Invasive Species and Global Climate Change examines what will happen to global invasive species, including plants, animals and pathogens with current and expected man-made climate change. The effects on distribution, success, spread and impact of invasive species are considered for a series of case studies from a number of countries. Invasive Species and Global Climate Change will be of great value to researchers, policymakers and industry in responding to changing management needs.
Part 1. The Dimensions of the Problem: Background and Science.
Chapter 1: Communicating the Dynamic Complexities of Climate and Ecology; Species Invasion and Resource Changes.
Chapter 2: Climate change and plant pathogen invasions.
Chapter 3: Analysis of Invasive Insects: Links to climate change.
Chapter 4: Climate Change, Plant Traits, and Invasion in Natural and Agricultural Ecosystems.
Part 2. Case Studies.
Chapter 5: Non-native Species in Antarctic Terrestrial Environments: The impacts of climate change and human activity
Chapter 6: Synergies between Climate Change and Species Invasions: Evidence from Marine Systems
Chapter 7: Ragweed in Eastern Europe.
Chapter 8: Climate Change and Alien Species in South Africa.
Chapter 9: Climate Change and ‘Alien Species in National Parks’: Revisited.
Chapter 10: Invasive plants in a rapidly changing climate: an Australian perspective.
Chapter 11: Invasive species of China and their responses to climate change.
Part 3. Management: Detection and Prevention.
Chapter 12: Identifying invasive species in real time: Early Detection and Distribution Mapping System (EDDMapS) and other mapping tools
Chapter 13: Global Identification of Invasive Species: The CABI Invasive Species Compendium as a Resource.
Chapter 14: The Biogeography of Invasive Plants – Projecting Range Shifts with Climate Change
Chapter 15: Identifying Climate Change as a Factor in the Establishment and Persistence of Invasive Weeds in Agricultural Crops.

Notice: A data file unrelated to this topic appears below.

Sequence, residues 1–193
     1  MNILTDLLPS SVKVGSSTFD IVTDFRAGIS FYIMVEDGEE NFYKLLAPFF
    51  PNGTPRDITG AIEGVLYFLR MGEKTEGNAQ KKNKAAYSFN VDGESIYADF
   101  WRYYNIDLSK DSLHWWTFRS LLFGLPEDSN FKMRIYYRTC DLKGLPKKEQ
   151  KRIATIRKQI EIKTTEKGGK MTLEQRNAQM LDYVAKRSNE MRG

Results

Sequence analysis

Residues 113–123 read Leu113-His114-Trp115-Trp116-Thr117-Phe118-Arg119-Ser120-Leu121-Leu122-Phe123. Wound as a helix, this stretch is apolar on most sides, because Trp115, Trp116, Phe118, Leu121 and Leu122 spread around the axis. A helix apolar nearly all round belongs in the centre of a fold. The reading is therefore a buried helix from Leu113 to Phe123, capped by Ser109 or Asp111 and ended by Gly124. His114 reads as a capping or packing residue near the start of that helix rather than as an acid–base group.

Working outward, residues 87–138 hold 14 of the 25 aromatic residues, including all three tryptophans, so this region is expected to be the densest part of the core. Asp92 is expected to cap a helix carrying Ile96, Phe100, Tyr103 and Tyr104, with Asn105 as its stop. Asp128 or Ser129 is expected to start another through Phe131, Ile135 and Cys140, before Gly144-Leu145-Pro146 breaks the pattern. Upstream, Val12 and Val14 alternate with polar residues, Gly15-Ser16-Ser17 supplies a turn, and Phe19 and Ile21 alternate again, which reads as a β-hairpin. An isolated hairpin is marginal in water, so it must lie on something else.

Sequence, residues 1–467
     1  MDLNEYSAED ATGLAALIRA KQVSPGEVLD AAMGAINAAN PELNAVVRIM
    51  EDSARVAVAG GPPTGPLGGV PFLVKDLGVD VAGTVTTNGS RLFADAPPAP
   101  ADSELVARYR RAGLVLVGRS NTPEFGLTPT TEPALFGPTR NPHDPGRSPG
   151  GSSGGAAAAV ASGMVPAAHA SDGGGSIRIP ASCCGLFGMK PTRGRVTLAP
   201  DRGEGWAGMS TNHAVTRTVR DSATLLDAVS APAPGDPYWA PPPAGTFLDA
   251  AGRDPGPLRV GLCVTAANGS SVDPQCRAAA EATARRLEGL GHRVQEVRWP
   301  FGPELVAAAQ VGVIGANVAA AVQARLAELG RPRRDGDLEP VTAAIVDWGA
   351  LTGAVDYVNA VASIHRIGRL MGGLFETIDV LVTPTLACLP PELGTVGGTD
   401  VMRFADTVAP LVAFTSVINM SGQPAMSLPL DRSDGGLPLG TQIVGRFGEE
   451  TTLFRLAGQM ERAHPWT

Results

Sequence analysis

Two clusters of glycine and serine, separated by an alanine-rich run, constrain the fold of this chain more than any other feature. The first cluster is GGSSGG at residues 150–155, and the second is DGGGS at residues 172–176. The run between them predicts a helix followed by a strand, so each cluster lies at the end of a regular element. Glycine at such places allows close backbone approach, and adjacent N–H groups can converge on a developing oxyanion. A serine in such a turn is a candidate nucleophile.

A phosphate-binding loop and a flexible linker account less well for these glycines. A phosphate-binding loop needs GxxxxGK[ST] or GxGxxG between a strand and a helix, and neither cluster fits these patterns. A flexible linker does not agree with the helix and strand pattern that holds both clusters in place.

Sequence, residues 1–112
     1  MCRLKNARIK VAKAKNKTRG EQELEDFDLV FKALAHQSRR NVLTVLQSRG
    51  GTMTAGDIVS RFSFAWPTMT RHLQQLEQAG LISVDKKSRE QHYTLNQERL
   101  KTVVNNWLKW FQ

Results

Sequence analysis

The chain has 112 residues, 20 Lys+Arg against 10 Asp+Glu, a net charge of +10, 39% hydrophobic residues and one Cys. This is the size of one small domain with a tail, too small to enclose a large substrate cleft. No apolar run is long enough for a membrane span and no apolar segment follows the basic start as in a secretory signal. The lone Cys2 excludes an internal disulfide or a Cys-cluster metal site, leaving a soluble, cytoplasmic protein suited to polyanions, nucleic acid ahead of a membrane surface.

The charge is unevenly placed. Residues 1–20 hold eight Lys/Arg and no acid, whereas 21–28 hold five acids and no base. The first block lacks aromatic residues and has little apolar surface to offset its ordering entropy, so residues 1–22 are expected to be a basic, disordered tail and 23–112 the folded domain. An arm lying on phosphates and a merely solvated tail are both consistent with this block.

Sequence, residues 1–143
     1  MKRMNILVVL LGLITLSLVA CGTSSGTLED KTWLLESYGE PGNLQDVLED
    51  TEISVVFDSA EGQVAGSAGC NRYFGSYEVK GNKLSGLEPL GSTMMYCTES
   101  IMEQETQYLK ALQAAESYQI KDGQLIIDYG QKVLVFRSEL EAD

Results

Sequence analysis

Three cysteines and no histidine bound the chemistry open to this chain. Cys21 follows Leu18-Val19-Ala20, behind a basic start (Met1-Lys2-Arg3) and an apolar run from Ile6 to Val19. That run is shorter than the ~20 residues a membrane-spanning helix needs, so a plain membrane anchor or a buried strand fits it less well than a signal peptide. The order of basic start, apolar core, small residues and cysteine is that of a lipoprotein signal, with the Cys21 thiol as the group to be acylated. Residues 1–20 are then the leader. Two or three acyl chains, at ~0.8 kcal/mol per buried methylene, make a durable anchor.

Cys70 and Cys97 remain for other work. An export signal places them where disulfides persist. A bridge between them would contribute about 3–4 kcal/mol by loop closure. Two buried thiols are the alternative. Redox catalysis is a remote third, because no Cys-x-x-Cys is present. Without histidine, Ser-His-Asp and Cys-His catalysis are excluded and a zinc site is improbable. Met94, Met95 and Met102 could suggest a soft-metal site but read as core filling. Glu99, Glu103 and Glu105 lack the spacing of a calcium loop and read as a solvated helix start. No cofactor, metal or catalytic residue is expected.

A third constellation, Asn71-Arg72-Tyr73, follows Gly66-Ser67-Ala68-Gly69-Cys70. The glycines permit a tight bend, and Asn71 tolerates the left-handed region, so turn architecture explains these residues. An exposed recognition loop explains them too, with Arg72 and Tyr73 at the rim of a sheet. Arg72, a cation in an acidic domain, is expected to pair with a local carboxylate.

Chapter 16: Assessing and managing the impact of climate change on invasive species: the PBDM approach.
Part 4. Management: Control and Adaptation.
Chapter 17: Climate, CO2 and Invasive Weed Management.
Chapter 18: Early Detection and Rapid Response: A Cost Effective Strategy for Minimizing the Establishment and Spread of New and Emerging Invasive Plants by Global Trade, Travel, and Climate Change.
Chapter 19: Adapting to Invasions in a Changing World: Invasive species as an economic resource
"The changing climate of the globe has significant implications for the ecology of organisms that inhabit Earth's biomes. One pressing question is how nonnative and invasive species will respond to these changes. If invasive organisms are generally going to be favored in new climates and environmental conditions, then governments and land managers in many areas will need to develop management plans to avoid the worst of the impacts. In this new book, editors Ziska (USDA) and Dukes (Purdue Univ.) have assembled an international group of experts to analyze the topic from different angles. The 20 chapters are divided into four sections that review the problem, present case studies to highlight key topics, discuss detection and prevention approaches for managers, and present control and adaptation strategies for managers. The wide range of organisms and topics covered is appropriate for this important and complex issue. The book will be a valuable resource for students, faculty, land managers, and policy makers."
– R. B. Pratt, California State University – Bakersfield